Jarrett Stidham stepped into the pocket and face the inevitable pressure. Knowing what was coming didn’t make it any easier. Still, Stidham didn’t duck or try to scramble. Part of the deal of being a high profile quarterback is facing the media, and much to his credit, Stidham stepped up.
Stidham didn’t win the football game Saturday. Auburn lost to Tennessee 30-24, a crushing defeat for a team that just a month ago envisioned playing for a national championship. But Stidham did win something else just as important, if not more so.
Shortly after Auburn head coach Gus Malzahn left the podium of the interview room, Stidham stepped up, took a sip of water, then gazed ahead to the awaiting media mob.
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No excuses. No alibis. No sugar-coating. No finger-pointing. Stidham committed three turnovers — two interceptions and a fumble, the latter of which was recovered for a touchdown.
“Gotta do a better job. That’s all it is,” Stidham said. “Gotta hold onto the ball.”
No, that’s not all it was. There was plenty of blame to spread, from poor coaching to shoddy protection to dropped passes. His turnovers contributed to Auburn’s third loss. But so did the defense’s inability to stop Tennessee quarterback Jarrett Guarantano, who passed for 328 yards and two touchdowns. That included eight passes of 19 or more yards, four of which were 30 yards or longer. And that doesn’t include a 39-yard pass that was nullified by a Tennessee penalty.
Even so, Stidham did what leaders do. He got his teammates’ backs.
“It’s really disappointing, obviously, because we have very, very high expectations coming into this year. We’ve lost three games to this point, and quite honestly I think we should have won all of them. We just keep shooting ourselves in the foot. Today I turned the ball over three times. That’s completely on me regardless of any circumstances. I’ve got to do a better job, hold onto the ball, not turn it over. It’s not fun losing like this. But like I’ve said over and over, our guys are hungry to get better every week. I know collectively as a team we’re going to stick together. We’re going to block out all of the outside noise, and we’re just going to continue to grind for each other, just like we have all along. And that’s what it’s all about, just playing for each other and really just continuing to build those relationships with those guys and just fight for those guys.”
Granted, that might not be gratifying to the fans who want their team to win. And it probably wasn’t even gratifying to Stidham himself. He transferred from Baylor to Auburn last year for one reason — to win championships.
But it still matters for something, especially considering there are still five more football games to play this year, and Stidham has another season of eligibility.
“Just go back to work. You have to go back to work. You don’t have any other options,” Stidham said. “I know how I’ve been brought up, how I’ve been raised, no matter the circumstances, you just continue to fight, continue to go work every day and continue to get better.”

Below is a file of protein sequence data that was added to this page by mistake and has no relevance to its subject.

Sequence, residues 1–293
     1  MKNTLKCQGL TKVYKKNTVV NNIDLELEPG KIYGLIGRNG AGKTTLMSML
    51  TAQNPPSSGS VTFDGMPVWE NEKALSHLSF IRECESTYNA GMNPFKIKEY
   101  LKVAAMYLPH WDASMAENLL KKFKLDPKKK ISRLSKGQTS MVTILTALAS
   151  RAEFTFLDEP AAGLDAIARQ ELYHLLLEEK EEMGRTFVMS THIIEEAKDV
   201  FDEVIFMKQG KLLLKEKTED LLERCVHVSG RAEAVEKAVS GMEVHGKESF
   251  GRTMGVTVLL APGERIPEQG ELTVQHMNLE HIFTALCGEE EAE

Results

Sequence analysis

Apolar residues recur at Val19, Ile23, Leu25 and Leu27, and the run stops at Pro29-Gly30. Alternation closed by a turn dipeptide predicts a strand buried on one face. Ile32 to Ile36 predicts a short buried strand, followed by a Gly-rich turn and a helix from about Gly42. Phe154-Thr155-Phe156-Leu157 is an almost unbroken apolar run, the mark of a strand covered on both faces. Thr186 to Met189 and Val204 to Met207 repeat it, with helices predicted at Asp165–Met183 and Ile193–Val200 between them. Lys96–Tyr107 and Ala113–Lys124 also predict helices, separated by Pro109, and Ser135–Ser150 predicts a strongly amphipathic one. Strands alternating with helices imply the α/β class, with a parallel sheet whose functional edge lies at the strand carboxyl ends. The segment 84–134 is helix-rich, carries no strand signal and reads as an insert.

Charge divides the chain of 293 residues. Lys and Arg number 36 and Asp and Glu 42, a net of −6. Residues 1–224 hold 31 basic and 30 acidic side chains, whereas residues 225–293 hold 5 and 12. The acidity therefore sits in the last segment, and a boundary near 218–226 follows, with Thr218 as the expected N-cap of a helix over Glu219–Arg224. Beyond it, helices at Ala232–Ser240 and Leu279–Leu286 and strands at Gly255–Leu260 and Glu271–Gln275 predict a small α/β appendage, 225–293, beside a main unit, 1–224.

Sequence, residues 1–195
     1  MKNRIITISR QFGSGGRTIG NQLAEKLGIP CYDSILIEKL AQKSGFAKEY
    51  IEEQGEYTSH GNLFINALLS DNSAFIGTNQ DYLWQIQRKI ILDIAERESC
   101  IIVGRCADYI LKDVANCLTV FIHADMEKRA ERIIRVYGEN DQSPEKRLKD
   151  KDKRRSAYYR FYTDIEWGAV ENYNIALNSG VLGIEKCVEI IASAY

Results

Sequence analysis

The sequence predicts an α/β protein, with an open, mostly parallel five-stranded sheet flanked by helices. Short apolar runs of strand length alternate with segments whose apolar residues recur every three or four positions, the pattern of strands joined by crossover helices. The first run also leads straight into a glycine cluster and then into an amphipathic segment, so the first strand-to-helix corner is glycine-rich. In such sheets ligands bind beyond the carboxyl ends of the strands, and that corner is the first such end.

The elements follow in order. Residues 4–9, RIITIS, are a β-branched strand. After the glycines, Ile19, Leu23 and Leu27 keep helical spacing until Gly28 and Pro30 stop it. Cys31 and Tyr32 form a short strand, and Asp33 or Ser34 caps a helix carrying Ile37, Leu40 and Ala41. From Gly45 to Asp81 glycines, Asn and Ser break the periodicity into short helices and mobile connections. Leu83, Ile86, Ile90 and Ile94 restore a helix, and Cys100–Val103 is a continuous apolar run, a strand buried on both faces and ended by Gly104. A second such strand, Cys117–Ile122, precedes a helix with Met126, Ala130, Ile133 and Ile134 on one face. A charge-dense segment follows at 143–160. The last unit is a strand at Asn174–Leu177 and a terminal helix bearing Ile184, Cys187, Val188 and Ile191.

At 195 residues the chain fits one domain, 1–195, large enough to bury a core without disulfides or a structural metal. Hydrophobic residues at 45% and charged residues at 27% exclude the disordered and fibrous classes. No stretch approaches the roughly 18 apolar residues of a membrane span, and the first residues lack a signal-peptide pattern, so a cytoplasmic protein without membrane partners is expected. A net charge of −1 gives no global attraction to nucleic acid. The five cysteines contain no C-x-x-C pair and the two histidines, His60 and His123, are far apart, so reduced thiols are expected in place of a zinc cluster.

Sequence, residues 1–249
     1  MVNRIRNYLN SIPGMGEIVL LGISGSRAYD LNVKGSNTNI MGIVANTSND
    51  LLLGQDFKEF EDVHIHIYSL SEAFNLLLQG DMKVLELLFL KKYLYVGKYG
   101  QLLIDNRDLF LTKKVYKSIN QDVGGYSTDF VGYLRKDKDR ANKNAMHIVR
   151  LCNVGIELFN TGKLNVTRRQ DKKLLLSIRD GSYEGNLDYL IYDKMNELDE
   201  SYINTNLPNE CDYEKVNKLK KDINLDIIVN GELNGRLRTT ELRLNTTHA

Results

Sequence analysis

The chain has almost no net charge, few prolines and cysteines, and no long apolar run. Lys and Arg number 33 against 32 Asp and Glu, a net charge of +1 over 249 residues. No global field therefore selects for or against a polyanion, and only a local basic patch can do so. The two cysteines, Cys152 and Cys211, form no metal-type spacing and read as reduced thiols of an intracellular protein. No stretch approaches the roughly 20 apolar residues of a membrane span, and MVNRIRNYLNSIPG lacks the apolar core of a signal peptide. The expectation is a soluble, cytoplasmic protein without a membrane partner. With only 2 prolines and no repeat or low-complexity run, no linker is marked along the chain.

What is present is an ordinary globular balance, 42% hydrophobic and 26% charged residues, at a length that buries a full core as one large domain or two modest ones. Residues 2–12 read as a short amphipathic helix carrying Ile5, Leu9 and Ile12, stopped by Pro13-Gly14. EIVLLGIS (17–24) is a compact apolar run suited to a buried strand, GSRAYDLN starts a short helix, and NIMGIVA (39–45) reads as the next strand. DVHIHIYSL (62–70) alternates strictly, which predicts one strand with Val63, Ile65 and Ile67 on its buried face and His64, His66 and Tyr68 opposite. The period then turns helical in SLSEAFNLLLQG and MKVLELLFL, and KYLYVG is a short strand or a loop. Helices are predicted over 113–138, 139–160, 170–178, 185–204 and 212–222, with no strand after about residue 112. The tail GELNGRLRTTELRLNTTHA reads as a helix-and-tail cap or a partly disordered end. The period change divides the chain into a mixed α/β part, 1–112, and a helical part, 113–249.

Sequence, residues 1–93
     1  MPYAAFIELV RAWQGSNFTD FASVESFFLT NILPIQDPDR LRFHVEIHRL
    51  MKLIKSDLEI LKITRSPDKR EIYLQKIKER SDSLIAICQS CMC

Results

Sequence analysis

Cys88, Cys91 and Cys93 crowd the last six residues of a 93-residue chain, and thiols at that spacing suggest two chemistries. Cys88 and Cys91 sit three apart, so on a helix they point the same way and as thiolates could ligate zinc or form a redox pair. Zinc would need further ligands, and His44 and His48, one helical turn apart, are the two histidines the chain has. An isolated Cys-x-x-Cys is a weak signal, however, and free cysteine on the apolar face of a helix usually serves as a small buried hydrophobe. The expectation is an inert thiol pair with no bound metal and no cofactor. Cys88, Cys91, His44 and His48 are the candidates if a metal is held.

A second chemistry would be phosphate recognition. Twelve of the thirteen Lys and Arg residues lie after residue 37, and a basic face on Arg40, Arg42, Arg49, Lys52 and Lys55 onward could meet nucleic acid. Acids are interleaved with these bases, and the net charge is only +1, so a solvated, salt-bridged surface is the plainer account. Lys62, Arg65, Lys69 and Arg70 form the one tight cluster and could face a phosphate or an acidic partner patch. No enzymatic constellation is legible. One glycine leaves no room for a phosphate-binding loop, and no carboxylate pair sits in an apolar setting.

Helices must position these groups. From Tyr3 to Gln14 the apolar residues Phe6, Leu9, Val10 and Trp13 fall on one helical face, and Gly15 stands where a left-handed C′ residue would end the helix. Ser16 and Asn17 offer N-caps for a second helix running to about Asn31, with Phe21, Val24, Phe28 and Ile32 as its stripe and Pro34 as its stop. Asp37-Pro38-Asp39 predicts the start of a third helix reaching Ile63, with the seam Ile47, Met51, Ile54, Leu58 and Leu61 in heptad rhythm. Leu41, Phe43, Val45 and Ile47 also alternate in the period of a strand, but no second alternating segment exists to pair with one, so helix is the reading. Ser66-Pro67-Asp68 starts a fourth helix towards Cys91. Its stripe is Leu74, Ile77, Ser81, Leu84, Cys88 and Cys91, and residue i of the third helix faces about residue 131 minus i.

Part of the problem is Auburn’s offensive line is just not very good. Whether there is enough talent on the line to improve enough to win SEC championship game is hard to say. Another issue is Auburn’s running backs are very average by SEC standards.
Then there is Stidham. His skill set is not ideal for Auburn‘s offense, which is predicated on at least the threat of the quarterback running the football. It doesn’t have to be Cam Newton or even Nick Marshall. Look at what LSU’s Joe Burrow did to Georgia.
The problem isn’t so much Stidham as it is the system. If it’s so hard to find a Nick Marshall, then it is time to change the offense of system to something that is more recruiting friendly.
Stidham can be a winning quarterback. He’s a better passer than all three of the quarterbacks he has lost to this season — Guarantano, Burrow and Mississippi State’s Nick Fitzgerald. It is up to the coaches to put Stidham in position to succeed.
Malzahn has been in the SEC for nearly 10 years. Defensive coordinators long ago caught onto his gimmicks.
The biggest difference in the SEC and every other conference in college football is the size, speed and athleticism of the defensive linemen. You would think by now Malzahn would have figured that out. All the evidence suggests otherwise.
Malzahn’s contract might make him unfireable, but that does not mean he is not accountable. Somebody at Auburn needs to insist that he make changes or leave on his own accord. Admittedly, that is a bit backward.
Generally, you don’t pay somebody $50 million and tell him or her what to do.
But if Malzahn refuses to learn and refuses to change, then make him answer to somebody.
Social media experts who are calling for Stidham to be benched need to remember two things. There is no Justin Fields or Tua Tagovailoa — or even Jalen Hurts — standing on the sidelines. Secondly, any coach worthy of a $50 million contract ought to be able to devise a plan for his quarterback to be more successful.